When it comes to producing corporate videos, most of us immediately start feeling drowsy. It’s understandable, given the content that many of our clients wish to present. However, if you’re looking to impress a client who is expecting the standard line chart graphics package, why not change things up a bit?
When using Adobe After Effects to create charts and graphs that illustrate corporate earnings, sales projections, or franchise growth, resist the urge to crank something out quickly that resembles a conference room whiteboard drawing.
There are many ways inside of AE to add a third dimension to those boring old 2D charts. If you’ve got the time and a small budget, I would recommend a 3D plug-in such as Zaxwerks 3D Invigorator or ProAnimator in order to turn a flat bar into a full three-dimensional cube that can animate and grow to a corresponding value. The following screen captures were taken from animations created in Zaxwerks 3D Invigorator. Download a free demo of Zaxwerks 3D Invigorator or ProAnimator here.
Below are two examples of 3D bar graphs created in Zaxwerks 3D Invigorator:
With a little bit of effort, you can take a lifeless bar graph and turn it into an animation like this:
However, if your clients are like mine, they’ve given you a very tight budget and deadline, so you’ve got to create something that will catch the eye of the audience without keeping you up into the wee hours of the night. One way to do this is to give 2D graphics new life in 3D space.
Let’s say that your client gives you a rough sketch, or even no sketch at all, with corresponding X and Y data that change over time. The figure below represents a graph I was given a few years ago that needed to be included in a video presentation. Rather than simply import a JPG or PSD file (see below) into Final Cut Pro or Adobe Premiere and let it sit stagnant, let’s give it some life.
Below is a flat graph with data, supplied by the client.
Sure, we could create 2 solids, create new masks from those solids, and simply apply the Stroke effect to animate the two lines. This would certainly be a step above a static jpeg. However, let’s take it a step further. My suggestion would be to create a pre-comp that contains the base grid, the X and Y data, and the animated lines, as previously discussed.
Next, let’s create some semi-transparent background images that we can position at different places in 3D space to add some depth. In my case, I added a series of world map images in order to illustrate the international nature of the client. By positioning the graph Pre-comp closer to the After Effects Camera than the background images, you will create a sense of depth that can distinguish your work from the standard 2D graph.
Now, let’s add some camera movement. Rather than a boring straight-on dolly in or dolly out with our AE camera, let’s follow the evolution of the animated line as it travels up the graph. You can experiment with Camera Settings by selecting your After Effects Camera, then selecting Camera Settings (Layer > Camera Settings) to adjust Film Size, Zoom, Angle of View, and Focal Length to achieve the look you want. Create a new keyframe at your starting Camera Position, and don’t forget to put a keyframe at your starting Point of Interest as well.
Next, go to the end of the animated line graph and position your camera so that the progression of the animated line can be seen at the finish. I’ve found that I can create smoother arcs by using this method of parenting the Camera to a 3D Null Object. To do this, click the Null Layer’s Make 3D option, and select “Null 1” under the “Parent” column in the Camera layer.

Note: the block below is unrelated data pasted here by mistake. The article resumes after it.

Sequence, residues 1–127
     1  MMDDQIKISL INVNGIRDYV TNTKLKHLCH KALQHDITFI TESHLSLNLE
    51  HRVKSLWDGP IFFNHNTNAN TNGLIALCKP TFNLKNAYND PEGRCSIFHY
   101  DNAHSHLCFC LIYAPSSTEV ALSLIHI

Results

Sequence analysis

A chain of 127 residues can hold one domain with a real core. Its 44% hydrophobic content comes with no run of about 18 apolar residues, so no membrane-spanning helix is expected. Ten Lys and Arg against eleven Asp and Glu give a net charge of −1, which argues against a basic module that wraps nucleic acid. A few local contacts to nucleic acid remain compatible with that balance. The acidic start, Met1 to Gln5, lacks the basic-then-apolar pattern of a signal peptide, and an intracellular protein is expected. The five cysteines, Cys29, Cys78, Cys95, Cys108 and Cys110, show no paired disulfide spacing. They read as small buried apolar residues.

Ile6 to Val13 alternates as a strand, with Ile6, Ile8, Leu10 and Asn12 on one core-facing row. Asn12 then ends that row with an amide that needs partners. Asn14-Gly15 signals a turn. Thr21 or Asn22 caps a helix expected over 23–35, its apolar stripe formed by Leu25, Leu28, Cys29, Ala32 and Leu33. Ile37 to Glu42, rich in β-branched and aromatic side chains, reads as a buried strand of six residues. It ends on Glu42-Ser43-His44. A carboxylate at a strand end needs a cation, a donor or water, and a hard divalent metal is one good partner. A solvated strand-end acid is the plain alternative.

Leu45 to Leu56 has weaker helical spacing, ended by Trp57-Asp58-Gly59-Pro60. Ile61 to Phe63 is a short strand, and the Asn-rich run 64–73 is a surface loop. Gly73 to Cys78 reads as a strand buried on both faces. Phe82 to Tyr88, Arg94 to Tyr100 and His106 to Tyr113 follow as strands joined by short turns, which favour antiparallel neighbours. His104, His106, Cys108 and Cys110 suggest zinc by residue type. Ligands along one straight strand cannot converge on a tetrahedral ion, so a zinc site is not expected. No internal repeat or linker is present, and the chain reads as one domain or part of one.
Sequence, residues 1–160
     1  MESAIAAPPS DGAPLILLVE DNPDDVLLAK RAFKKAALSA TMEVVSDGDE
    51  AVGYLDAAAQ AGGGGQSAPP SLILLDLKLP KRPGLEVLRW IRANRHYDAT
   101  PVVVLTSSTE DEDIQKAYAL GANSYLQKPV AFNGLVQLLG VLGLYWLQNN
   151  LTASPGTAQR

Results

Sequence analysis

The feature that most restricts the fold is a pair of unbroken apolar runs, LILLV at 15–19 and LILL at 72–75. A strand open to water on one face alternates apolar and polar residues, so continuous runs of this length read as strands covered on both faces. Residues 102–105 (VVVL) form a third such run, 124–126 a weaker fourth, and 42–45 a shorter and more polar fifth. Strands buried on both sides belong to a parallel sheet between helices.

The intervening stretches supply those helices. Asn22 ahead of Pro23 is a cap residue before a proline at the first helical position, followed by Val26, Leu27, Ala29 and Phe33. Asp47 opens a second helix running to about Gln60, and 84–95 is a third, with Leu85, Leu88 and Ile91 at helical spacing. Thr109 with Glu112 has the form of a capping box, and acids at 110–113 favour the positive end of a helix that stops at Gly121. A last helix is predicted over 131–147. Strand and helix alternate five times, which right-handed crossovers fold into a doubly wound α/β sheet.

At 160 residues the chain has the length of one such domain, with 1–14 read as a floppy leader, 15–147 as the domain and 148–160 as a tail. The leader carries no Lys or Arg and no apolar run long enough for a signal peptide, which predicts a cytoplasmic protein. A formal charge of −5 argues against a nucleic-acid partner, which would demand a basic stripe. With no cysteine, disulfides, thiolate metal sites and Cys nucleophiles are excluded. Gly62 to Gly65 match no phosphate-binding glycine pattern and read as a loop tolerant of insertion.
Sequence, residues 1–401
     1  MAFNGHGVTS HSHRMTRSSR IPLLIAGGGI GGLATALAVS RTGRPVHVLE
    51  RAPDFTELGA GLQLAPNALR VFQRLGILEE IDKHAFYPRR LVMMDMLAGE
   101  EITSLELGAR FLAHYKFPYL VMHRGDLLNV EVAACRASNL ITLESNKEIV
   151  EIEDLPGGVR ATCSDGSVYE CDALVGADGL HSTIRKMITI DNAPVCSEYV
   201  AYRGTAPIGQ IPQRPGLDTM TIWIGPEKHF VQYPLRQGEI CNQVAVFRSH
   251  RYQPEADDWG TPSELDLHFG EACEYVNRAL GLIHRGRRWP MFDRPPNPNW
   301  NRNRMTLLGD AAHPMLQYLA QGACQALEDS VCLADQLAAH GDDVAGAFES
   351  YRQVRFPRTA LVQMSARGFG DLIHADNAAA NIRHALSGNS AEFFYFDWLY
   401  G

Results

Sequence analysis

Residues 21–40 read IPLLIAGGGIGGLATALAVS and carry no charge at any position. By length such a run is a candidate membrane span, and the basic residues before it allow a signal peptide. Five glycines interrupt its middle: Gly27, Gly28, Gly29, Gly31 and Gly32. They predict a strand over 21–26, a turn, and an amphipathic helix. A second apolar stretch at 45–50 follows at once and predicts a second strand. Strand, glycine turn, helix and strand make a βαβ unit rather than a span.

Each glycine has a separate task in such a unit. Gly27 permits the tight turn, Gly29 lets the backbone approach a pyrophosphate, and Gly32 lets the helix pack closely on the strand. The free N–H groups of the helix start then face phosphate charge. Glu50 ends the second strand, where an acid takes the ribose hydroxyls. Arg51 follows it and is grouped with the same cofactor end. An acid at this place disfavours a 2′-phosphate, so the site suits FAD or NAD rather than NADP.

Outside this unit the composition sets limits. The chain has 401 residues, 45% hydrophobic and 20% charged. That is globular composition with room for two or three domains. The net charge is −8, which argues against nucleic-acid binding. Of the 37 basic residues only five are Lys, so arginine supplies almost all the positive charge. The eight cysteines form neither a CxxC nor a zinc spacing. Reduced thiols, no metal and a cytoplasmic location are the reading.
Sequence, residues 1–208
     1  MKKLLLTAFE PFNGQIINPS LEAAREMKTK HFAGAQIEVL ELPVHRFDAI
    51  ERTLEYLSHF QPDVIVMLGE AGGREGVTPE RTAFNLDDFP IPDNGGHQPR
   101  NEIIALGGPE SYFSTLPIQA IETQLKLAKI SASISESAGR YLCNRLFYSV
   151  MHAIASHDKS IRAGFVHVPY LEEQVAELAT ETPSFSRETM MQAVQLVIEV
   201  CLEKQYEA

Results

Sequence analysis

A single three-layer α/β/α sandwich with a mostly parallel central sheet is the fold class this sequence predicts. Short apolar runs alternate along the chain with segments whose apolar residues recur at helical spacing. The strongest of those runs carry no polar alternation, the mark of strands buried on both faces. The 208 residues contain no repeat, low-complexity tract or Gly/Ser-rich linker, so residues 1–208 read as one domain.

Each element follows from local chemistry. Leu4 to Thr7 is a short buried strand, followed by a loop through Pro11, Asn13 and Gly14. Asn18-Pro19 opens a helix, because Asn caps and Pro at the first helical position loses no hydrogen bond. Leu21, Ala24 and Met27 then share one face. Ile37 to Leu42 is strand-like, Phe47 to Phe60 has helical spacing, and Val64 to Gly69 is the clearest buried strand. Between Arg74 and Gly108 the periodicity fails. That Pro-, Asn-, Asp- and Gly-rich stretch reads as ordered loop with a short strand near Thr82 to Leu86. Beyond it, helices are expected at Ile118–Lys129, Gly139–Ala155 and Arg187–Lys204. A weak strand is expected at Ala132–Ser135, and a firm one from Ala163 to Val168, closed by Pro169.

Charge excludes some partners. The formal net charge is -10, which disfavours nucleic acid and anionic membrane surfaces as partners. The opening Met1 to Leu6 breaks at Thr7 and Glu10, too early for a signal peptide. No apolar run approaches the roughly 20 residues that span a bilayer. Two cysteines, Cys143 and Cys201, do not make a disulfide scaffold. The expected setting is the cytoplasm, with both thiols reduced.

Once you’ve settled on an ending position, add keyframes for ending Camera position and point of interest.
If you need to emphasize certain data points in between your start and finish points on the graph, move the Camera Position and Point of Interest accordingly to focus on those positions on the graph, creating new keyframes at the appropriate time and positions.
I always like to create a final ending position that clearly shows the entire graph at once, so the audience has time to absorb all the information.
This way, our attention is drawn to the dynamic growth as our camera follows the rising line, but we can also process the big picture without losing the whole point of the graph due to the “effect.”
Here’s the final rendered animation:
In the following example, I was given the task of displaying the spending patterns of Americans leading up to the recession. The more motion you can give a static graph, the better:
Another way to keep the audience awake when presenting a multitude of data would be to avoid the standard cut or dissolve when transitioning between graphs.
An easy way to do this is to position graph Pre-comps with plenty of space between them, then animate the Camera to move around from Pre-comp to Pre-comp, creating fluid motion and the look of “traveling” from graph to graph. I used this technique with a different client who needed to show multiple graphs without boring the audience. Here was the resulting animation:
Don’t get me wrong, this type of graphic treatment probably won’t win you any awards for motion graphics, but it may earn you some props from a client who was expecting the same old standard graph treatment that we’ve seen a thousand times. And as many of us have realized, exceeding the client’s expectations will most likely translate into more work in the future.
About the Author
Joe Mason has been using After Effects since 1997. He has created motion graphics for religious clients such as the Billy Graham Evangelistic Association, Promise Keepers, and Purpose-Driven Ministries. He is a contributor to Michele Yamazaki’s 2011 publication, “Plug-In To After Effects” and has authored tutorials for Zaxwerks, Digieffects, and others.
Visit Joe’s website My After Effects: www.myaftereffects.com